As we get older, our quality of life can start to drop due to issues such as our health and loneliness. To help your elderly relative to have the best life possible throughout their retirement, here are some top tips to boost their quality of life and ensure that they remain part of the family.
Make Adjustments in Their Home
One of the top factors that can stop older people from having a good quality of life is that they are unable to feel comfortable in their own home. To ensure that daily tasks are less of a struggle for seniors, and that they can stay independent for longer, you should consider making adjustments to their home. This can include installing features such as handrails, ramps, shower grips, and stairlifts to suit their physical ability. You should also invest in products such as ergonomic kitchen accessories to aid those with joint problems.
Hire a Home Help
To help elderly relatives who are struggling to live independently but who still want to remain in their own home, you should consider hiring a home help who can aid them in completing normal daily tasks, such as cooking and washing. This can be extremely helpful if you have a busy schedule that prevents you from caring for them on a regular basis. Bluebird Care can help you to find high-quality home help in Tamworth; allowing your loved one to stay in control of their life for longer.
Help Them With Transport
As every driver over the age of 70 needs to renew their licence every 3 years, this has left many elderly people unable to drive, meaning that they are much more likely to lose their independence and ability to leave the house. If there are not good public transport links in your area, you should offer to provide a lift or help them to arrange transport, as the UK provides many transport services for older people.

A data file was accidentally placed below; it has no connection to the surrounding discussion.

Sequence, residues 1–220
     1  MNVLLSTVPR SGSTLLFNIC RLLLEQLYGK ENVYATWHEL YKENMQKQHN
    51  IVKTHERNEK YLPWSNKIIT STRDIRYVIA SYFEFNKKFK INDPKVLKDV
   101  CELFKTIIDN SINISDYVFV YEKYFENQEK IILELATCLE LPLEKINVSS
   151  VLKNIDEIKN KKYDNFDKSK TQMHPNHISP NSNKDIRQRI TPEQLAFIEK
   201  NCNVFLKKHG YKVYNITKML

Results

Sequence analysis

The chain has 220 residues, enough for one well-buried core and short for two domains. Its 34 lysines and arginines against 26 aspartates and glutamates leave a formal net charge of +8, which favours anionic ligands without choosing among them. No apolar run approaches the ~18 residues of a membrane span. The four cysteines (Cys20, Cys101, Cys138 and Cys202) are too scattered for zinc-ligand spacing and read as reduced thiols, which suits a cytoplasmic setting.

Arrange Visits or Invite Them Out
Half a million older people in the UK are lonely for many reasons, including the loss of a partner or their relatives moving away. To prevent older people from becoming lonely, try to include them in family meet-ups and activities, inviting them to join you as often as possible. If they are not well enough to come with you, you should arrange visits to their home, creating a regular schedule with your relatives to ensure that they are not on their own for more than a couple of days a week. If you are unable to do this yourself, you should encourage them to find social groups to join, such as coffee mornings for older people, or clubs that suit their interests.
Keep Them Mentally and Physically Active
Keeping your relative mentally and physically active is key to preventing, and helping them to cope with, chronic conditions, such as heart disease, as well as ensuring that they maintain good mental health. Even if they cannot commit to vigorous exercise regimes, you should try to find exercise classes for them, or encourage them to take up some of the best activities for older people, such as weight-bearing and balance exercises.